It’s been more than five months since the first case of COVID-19 appeared in Texas, in a Fort Bend County resident. Since then, Houston-area bars, restaurants and kitchens have struggled to endure the often conflicting guidelines, changing rules issued by the state, and economic insecurity caused by the global pandemic. From the belated cancellation of the Houston Livestock Show and Rodeo to a backtracking from Texas Gov. Greg Abbott that re-closed bars after less than a month, it’s been a tough year for the Bayou City’s food and drink industry.
Because it’s almost impossible to keep up with everything that’s happened in the Houston restaurant scene since the beginning of March, use this comprehensive timeline as a guide to how (and when) the COVID-19 pandemic has impacted the city and state.
Texas confirms first COVID-19 case, Chinatown struggles as diners dwindle
February 21 — As the coronavirus spreads through Asia and to coastal U.S. cities, businesses in Houston’s Chinatown begin to suffer. Axelrad, the Midtown bar, encourages diners to eat in Chinatown by offering a free beer to anyone who can show proof of purchase from a Chinatown eatery.
February 27 — A massive water main break cuts off water to nearly a quarter of Houston, wreaking havoc on the city’s restaurants. Restaurants scramble to meet sanitation guidelines without access to clean water. (Those same restaurants will later scramble to meet COVID-19 sanitation guidelines.) Though unrelated to COVID-19, it’s an early omen that 2020 might not be a great year for the city’s restaurant industry.
March 4 – A Fort Bend man tests positive for COVID-19, becoming the first case in Texas. The man had recently returned from traveling abroad.
March 5 — Mayor Sylvester Turner and State Representative Gene Wu show their support for the Chinatown community by having lunch at Ocean Palace Restaurant.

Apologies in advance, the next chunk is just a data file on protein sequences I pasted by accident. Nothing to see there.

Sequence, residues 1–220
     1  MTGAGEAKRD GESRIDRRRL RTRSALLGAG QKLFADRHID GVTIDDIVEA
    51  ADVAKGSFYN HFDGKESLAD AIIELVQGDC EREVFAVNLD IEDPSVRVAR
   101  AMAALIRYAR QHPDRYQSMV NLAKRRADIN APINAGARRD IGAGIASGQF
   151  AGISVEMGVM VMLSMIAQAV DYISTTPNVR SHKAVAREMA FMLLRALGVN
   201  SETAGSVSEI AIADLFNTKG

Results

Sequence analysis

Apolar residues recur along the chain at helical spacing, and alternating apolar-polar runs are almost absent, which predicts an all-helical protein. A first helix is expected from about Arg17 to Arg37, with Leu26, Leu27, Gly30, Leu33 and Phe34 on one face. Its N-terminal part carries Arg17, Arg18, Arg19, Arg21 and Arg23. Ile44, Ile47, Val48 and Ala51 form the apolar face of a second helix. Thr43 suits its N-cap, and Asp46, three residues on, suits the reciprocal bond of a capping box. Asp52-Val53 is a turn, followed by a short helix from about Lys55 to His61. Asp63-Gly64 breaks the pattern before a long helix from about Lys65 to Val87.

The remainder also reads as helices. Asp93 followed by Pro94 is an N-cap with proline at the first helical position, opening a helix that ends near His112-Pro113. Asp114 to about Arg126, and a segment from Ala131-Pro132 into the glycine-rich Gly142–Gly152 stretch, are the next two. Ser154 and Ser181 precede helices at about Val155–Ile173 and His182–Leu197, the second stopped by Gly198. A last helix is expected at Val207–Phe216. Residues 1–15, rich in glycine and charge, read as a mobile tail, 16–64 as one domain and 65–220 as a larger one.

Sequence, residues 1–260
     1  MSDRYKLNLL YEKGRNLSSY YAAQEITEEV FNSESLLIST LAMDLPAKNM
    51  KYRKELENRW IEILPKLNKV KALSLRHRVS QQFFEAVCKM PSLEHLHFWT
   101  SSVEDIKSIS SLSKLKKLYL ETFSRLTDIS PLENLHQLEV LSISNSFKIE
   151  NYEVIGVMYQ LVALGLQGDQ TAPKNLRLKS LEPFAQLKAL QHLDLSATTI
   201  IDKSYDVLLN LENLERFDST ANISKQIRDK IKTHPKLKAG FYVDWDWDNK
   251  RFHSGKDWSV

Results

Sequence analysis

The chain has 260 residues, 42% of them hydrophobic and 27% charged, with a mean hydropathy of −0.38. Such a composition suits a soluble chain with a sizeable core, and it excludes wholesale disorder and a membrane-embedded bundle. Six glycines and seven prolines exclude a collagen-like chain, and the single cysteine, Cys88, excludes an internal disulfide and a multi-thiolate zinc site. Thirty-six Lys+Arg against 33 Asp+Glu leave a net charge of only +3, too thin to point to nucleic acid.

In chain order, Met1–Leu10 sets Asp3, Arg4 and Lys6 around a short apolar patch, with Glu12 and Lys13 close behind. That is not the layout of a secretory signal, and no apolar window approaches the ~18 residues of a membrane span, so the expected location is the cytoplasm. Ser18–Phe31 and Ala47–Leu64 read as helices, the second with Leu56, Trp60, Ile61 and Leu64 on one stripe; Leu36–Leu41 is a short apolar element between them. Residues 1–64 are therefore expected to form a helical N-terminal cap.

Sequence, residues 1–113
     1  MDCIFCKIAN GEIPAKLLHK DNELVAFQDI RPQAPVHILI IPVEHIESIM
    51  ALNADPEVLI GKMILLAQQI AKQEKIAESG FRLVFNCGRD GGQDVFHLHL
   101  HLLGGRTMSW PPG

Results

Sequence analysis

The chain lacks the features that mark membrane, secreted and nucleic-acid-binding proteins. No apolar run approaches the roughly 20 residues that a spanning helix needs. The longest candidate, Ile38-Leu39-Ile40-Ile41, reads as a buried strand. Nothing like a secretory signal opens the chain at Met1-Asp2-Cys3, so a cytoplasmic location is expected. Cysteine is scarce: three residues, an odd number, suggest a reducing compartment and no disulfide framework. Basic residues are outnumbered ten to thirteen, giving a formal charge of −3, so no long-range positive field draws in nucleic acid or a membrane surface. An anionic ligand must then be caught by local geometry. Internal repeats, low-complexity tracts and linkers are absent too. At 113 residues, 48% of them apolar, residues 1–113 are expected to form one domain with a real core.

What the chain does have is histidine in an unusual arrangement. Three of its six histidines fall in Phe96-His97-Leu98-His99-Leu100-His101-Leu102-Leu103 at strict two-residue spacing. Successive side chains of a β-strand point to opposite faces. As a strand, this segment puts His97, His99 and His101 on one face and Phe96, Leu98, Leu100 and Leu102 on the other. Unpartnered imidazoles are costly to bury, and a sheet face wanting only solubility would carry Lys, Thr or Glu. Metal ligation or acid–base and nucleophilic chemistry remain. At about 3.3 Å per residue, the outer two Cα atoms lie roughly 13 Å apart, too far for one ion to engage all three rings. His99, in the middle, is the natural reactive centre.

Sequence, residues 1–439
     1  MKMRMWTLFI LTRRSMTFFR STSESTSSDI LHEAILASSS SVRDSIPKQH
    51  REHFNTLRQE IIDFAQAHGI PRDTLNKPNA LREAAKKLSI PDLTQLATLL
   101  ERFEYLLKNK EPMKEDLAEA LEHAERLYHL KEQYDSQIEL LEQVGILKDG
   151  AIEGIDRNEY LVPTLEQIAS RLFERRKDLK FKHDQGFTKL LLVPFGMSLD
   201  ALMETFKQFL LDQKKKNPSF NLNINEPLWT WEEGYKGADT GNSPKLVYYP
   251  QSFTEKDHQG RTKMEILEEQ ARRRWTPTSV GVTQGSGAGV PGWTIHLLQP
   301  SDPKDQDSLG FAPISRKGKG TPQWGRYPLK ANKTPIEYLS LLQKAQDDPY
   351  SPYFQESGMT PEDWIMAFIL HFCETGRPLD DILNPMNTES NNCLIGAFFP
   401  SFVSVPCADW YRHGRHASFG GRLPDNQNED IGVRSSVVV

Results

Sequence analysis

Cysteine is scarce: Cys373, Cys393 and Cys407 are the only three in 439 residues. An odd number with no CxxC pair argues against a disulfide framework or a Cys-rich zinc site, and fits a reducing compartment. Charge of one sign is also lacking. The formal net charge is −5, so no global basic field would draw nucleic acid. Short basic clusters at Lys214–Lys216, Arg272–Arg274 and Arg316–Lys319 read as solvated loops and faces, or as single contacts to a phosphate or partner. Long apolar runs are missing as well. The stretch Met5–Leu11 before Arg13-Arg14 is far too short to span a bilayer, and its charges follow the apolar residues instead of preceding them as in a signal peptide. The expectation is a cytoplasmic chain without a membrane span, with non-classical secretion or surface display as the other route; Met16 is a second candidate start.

Houston Rodeo becomes source of city’s first outbreak
March 8 — A Montgomery County man who attended the Houston Livestock Show and Rodeo Barbecue Cookoff is admitted to the hospital with flu-like symptoms. He eventually tests positive for coronavirus. The man, who was a Patton Village police officer, had no recent travel history. Officials consider this the first case of community spread in Houston.
Eventually, 19 cases throughout four Houston-area counties will be tied to the same Rodeo Cookoff tent.
March 11 — The Houston Livestock Show and Rodeo is cancelled. Houston Mayor Sylvester Turner also signs an emergency health declaration in effect for one week.
March 12 — Several other major Houston food events are cancelled, including Southern Smoke Spring and 8th Wonder Brewing’s Celebr8tion.
March 13 — Texas Gov. Greg Abbott declares a statewide emergency.
March 17 — Texas Health and Human Services confirms the state’s first COVID-19 death, a Matagorda County man in his 90s.
Bars and restaurants close to mitigate spread of coronavirus
March 15 — The Texas Restaurant Association lobbies the state, urging officials to not close restaurants and bars during the pandemic.
March 17 — Harris County Judge Lina Hidalgo orders bars and restaurants to close for 15 days. Restaurants may stay open for delivery, drive-thru, and takeout only. Hidalgo also encourages Houstonians to stay at home and avoid unnecessary outings.
March 18 — Houston restaurant owners sign an open letter to Sylvester Turner asking for deferred sales tax payments and paid sick leave to help them weather the virus and closures. Meanwhile, an anonymous diner leaves a tip of nearly $10,000 to help Irma’s Southwest Grill in Downtown Houston pay its staff.
March 18 — Restaurants pivot to takeout. Distilleries pivot to hand sanitizer.
March 18 — Abbott signs a waiver allowing restaurants to sell alcohol to go for the first time ever, so long as it is served with food.
March 19 — Abbott issues an executive order closing bars and restaurants through April 3.
March 24 — Harris County issues stay-at-home order. That order is later extended through the end of April.